Monday, March 5, 2012

Districts say Corbett's budget jeopardizes future of school busing. School officials fear voters will have to choose between ending rides or raising taxes.


Daily postings from the Keystone State Education Coalition now reach more than 1500 Pennsylvania education policymakers – school directors, administrators, legislators, members of the press and a broad array of education advocacy organizations via emails, website, Facebook and Twitter.

Follow us on Twitter at @lfeinberg

 

Monday March 5th – Call to Action – Take 5 minutes today.

Please forward this information to any and all public education stakeholders.

Education Voters Pennsylvania, joined by several education advocacy groups, will hold a "Statewide Call to Action for Education" on Monday, March 5.  Tell the Governor and your state legislators "No more cuts to education!"  For more information on how you can participate, visit http://www.educationvoterspa.org/index.php/site/news/call-to-action-for-public-education11/.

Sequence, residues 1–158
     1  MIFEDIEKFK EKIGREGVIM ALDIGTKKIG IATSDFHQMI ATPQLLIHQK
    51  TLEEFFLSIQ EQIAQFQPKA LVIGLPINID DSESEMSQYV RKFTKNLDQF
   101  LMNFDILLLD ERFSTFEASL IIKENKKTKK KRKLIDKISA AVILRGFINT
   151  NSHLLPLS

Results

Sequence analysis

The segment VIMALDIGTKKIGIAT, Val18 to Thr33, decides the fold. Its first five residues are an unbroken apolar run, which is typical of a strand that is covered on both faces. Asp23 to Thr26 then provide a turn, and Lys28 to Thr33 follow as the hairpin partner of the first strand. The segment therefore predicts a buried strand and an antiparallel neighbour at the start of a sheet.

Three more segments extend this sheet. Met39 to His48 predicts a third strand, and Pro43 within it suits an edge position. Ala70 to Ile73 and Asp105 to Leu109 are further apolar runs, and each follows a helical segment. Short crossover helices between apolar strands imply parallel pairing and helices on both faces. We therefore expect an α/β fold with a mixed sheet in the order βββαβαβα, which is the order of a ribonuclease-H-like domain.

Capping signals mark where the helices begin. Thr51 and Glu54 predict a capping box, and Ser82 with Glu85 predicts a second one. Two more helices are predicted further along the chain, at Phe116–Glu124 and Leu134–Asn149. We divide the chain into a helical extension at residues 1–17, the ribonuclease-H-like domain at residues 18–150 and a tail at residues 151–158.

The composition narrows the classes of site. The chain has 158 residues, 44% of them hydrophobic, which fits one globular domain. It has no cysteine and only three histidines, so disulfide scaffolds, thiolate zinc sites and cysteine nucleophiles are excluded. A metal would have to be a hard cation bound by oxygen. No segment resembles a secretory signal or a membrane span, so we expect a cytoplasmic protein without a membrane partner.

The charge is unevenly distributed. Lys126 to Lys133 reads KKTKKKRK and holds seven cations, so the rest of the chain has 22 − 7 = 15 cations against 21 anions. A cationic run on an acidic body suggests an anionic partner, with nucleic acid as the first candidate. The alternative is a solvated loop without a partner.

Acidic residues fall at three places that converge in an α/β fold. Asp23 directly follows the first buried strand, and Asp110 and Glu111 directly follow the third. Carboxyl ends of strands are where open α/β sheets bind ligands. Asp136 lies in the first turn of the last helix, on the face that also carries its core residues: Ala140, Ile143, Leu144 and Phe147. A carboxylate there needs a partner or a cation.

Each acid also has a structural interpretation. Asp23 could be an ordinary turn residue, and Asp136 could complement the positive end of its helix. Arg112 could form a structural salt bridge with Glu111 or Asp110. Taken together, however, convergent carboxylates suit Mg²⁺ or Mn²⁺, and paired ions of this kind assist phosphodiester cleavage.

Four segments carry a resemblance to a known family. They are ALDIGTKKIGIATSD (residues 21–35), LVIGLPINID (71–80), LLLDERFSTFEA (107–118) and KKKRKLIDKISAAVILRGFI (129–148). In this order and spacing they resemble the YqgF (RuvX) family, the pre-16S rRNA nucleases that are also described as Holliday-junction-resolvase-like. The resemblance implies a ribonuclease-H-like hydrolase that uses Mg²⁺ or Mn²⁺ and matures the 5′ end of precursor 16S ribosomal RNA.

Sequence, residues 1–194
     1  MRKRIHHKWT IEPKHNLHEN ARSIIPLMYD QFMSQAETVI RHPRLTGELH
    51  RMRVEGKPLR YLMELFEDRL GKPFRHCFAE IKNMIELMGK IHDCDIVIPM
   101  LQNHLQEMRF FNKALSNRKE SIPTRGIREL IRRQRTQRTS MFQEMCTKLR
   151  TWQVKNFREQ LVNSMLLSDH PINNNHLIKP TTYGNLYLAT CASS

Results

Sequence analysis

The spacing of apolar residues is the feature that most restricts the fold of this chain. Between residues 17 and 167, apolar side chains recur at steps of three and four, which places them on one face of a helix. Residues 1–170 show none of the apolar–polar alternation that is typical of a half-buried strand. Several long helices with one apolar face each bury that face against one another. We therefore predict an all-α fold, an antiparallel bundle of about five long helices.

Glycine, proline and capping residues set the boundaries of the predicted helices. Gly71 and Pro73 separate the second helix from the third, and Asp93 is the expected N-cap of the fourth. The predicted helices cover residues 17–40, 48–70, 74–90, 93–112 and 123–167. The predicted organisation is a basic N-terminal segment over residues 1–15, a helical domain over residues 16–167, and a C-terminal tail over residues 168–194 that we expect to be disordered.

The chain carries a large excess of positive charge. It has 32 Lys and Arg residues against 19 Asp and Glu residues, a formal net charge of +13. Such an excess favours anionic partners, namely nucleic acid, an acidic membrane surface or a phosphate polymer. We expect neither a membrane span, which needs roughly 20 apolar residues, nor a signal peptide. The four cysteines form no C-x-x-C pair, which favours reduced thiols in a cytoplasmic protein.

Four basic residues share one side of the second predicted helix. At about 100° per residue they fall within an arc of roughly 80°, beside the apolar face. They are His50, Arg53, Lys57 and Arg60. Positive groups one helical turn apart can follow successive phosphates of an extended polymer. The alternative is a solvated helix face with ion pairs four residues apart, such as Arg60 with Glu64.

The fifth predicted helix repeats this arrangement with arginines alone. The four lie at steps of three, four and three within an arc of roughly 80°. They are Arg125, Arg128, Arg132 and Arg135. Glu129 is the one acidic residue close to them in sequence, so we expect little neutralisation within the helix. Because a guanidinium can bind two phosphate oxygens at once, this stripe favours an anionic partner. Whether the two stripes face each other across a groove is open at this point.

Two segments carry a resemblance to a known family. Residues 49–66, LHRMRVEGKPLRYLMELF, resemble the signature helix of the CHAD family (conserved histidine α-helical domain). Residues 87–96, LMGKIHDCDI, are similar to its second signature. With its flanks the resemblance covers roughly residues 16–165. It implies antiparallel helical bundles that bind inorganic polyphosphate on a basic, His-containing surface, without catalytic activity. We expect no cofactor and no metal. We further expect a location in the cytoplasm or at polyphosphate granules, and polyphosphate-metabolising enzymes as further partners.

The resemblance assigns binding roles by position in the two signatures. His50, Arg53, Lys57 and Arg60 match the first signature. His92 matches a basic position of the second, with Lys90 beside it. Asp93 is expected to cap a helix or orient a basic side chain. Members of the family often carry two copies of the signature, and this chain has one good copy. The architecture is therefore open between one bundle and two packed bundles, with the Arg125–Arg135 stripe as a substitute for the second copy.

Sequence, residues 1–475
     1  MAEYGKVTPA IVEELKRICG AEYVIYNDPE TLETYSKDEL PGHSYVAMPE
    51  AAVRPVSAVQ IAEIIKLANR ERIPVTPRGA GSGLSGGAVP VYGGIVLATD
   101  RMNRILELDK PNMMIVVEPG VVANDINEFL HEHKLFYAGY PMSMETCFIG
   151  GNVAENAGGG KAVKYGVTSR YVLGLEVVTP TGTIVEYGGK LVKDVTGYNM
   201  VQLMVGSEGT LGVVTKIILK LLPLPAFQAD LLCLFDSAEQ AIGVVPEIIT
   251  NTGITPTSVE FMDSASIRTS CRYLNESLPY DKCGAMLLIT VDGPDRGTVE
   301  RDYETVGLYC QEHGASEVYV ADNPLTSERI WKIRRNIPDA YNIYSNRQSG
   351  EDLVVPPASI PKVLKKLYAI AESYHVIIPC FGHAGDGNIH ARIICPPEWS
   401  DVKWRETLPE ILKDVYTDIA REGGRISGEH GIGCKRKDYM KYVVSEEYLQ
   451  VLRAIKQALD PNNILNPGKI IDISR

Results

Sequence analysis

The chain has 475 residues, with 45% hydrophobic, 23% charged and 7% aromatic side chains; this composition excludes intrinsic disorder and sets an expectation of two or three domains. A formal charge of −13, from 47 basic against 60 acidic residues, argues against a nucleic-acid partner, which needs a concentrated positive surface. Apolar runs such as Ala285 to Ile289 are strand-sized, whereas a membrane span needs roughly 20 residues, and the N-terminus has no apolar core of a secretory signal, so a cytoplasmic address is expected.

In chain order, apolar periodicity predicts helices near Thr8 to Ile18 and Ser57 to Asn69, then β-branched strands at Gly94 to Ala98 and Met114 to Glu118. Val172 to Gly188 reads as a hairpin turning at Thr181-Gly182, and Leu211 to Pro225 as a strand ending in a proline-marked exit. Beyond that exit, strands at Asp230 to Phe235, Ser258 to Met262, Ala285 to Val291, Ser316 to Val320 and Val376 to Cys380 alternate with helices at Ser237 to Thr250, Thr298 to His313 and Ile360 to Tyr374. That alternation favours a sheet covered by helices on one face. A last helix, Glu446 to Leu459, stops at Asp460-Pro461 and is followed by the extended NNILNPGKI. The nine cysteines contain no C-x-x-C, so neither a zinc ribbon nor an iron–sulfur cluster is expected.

Action Alert: Special Education Votes in March

Make a phone call today to improve special education for students with disabilities in Pennsylvania!  Call or e-mail your state senator before March 6 and ask for a vote in favor of Senate Bill 1115.  Even in this tough year, we are close to making historic progress for children with disabilities.

Additional info: http://reformspecialedfunding.org/2012/02/action-alert-special-education-votes-in-march/


Districts say Corbett's budget jeopardizes future of school busing
School officials fear voters will have to choose between ending rides or raising taxes.
By Steve Esack, Of The Morning Call
11:38 p.m. EST, March 4, 2012
With state limits on how much they can hike taxes, school leaders say they will have no choice but to ask voters to go to the polls to choose between ending busing or raising property taxes above the caps.  "Someday most districts are going to referendum for budgets in general, not just transportation. That day is going to come, and we are already talking about how to handle it," said Parkland Business Manager John Vignone.
The House will begin hearings Monday on Corbett's education funding proposals.

Policy experts warn proposed state budget hurts kids, taxpayers

By Sara K. Satullo | The Express-Times  Published: Friday, March 02, 2012, 4:00 AM